When the final grain of sand dropped through the hourglass, Columbia Pictures had paid well above $1 million for “Tick-Tock” — a suspenser from the writing team of Anthony Bagarozzi and Charles Mondry.
New Line and Universal had been circling the spec, according to insiders.
It focuses on an amnesiac who awakens in the custody of the FBI as the prime suspect in a series of Los Angeles bombings. Without knowing whether he actually is the bomber or merely someone set up to take the fall, he must help guide a young FBI agent though L.A. in a frantic race to find and disarm the remaining explosives before more lives are lost.
No helmer is attached as yet, but producer Gavin Polone said that he is aiming to head into production by early spring at the latest. (Polone is also producing David Koepp’s “The Panic Room” at Columbia, with Nicole Kidman toplining and David Fincher at the helm.)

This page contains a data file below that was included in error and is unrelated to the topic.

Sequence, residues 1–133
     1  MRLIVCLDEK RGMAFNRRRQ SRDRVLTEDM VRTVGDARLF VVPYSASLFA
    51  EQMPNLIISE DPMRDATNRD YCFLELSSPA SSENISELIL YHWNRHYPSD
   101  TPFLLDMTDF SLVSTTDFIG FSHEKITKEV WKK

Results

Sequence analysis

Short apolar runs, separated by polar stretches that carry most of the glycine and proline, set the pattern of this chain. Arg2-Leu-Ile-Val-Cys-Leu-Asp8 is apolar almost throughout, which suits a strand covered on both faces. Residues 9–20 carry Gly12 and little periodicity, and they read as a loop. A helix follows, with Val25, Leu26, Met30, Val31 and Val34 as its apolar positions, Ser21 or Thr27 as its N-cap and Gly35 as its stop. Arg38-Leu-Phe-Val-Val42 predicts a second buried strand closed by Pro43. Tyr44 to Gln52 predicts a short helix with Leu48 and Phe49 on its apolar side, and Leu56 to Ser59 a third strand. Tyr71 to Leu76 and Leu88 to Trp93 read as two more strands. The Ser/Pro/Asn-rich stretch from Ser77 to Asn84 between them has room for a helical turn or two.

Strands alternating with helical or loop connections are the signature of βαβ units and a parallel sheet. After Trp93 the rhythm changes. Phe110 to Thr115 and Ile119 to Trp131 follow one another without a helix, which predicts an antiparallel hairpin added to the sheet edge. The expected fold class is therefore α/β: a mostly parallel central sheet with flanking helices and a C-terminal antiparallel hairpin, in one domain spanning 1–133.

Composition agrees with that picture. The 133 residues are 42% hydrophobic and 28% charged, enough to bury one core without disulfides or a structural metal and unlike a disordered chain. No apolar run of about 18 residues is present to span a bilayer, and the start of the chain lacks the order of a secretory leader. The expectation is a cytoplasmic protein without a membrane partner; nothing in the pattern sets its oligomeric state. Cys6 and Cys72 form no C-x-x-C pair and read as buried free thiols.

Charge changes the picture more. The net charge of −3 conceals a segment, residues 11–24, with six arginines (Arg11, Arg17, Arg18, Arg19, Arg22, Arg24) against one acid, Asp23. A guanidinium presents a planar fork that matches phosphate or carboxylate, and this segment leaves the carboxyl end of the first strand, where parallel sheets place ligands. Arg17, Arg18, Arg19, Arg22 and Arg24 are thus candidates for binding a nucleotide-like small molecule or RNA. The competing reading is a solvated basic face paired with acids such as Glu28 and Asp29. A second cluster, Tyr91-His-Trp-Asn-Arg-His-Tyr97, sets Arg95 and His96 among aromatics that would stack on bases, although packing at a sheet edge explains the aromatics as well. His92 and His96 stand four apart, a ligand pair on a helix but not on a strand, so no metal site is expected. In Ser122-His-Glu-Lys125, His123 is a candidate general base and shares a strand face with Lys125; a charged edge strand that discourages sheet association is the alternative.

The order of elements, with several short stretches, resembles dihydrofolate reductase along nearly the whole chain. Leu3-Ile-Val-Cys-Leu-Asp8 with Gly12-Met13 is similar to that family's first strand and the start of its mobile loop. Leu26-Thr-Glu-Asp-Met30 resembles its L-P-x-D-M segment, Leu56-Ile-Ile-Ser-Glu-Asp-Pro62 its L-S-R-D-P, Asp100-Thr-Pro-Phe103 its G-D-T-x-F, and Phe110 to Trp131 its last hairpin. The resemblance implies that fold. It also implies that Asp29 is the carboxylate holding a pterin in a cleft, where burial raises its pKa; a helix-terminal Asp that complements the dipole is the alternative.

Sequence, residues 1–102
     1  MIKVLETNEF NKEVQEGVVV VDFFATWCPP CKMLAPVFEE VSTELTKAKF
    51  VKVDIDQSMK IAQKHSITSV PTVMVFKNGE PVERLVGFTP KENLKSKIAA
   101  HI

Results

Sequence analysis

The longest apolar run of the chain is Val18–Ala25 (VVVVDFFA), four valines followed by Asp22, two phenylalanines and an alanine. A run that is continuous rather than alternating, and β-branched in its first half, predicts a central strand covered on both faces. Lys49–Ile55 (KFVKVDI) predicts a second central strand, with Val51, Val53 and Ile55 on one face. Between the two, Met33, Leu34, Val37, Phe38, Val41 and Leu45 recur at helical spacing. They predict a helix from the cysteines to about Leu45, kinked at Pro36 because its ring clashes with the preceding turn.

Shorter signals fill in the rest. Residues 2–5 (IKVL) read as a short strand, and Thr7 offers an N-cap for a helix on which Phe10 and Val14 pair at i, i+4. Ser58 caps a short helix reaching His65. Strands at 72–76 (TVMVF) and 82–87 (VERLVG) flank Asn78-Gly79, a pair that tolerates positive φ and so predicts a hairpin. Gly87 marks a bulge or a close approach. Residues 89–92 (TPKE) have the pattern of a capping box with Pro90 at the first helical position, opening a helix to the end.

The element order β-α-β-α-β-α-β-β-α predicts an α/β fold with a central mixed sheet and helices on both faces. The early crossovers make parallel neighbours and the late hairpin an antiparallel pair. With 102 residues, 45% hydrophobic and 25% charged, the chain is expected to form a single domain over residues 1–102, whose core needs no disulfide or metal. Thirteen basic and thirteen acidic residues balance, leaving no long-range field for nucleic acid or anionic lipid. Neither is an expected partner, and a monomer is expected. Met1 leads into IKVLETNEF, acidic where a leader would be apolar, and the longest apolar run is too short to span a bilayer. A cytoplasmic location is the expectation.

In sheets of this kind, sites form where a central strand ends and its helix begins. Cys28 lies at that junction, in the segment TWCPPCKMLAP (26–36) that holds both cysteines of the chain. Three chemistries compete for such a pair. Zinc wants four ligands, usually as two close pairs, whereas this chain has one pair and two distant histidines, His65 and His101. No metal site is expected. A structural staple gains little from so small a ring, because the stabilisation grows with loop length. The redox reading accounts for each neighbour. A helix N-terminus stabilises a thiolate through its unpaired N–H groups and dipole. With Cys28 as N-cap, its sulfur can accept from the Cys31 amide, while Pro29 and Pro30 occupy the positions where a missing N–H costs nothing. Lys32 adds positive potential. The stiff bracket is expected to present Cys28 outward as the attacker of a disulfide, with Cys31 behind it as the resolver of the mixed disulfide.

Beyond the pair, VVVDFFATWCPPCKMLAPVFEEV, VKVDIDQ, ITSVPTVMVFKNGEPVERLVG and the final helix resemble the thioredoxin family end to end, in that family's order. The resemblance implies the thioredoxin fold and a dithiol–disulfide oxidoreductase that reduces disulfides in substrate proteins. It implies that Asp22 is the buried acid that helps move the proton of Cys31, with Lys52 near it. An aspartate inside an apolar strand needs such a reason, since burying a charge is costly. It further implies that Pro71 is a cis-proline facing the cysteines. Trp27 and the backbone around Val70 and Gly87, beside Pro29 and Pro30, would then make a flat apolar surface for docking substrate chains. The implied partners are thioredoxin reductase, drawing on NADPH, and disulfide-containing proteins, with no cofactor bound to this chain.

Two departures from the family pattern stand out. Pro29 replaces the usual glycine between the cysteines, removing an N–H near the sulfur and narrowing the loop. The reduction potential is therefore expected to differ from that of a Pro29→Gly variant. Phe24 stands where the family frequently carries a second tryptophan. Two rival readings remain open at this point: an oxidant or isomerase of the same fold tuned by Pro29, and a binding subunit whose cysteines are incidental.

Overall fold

The writing duo came up with the idea while the two were near-penniless video clerks at a Tower Video in Orange County — a job that Bagarozzi says helped inform much of the Hitchcock-inspired real-time pacing of “Tick-Tock.”
“While we didn’t have any money, we could take home three videos a night,” said Bagarozzi, reached at his home. “It was great. I sort of made my way through all of Hitchcock, then Orson Welles and Paul Newman.”
Bagarozzi most recently penned “The Tin Man,” an L.A. noir detective tale that John Frankenheimer has agreed to direct; Barry Sonnenfeld and Barry Josephson will produce with Shane Black. Mondry is a tyro scribe.
“Tick-Tock” will be supervised by Col exec VP of production Matt Tolmach and by creative exec Jonathan Kadin.
Bagarozzi and Mondry are both repped by Endeavor.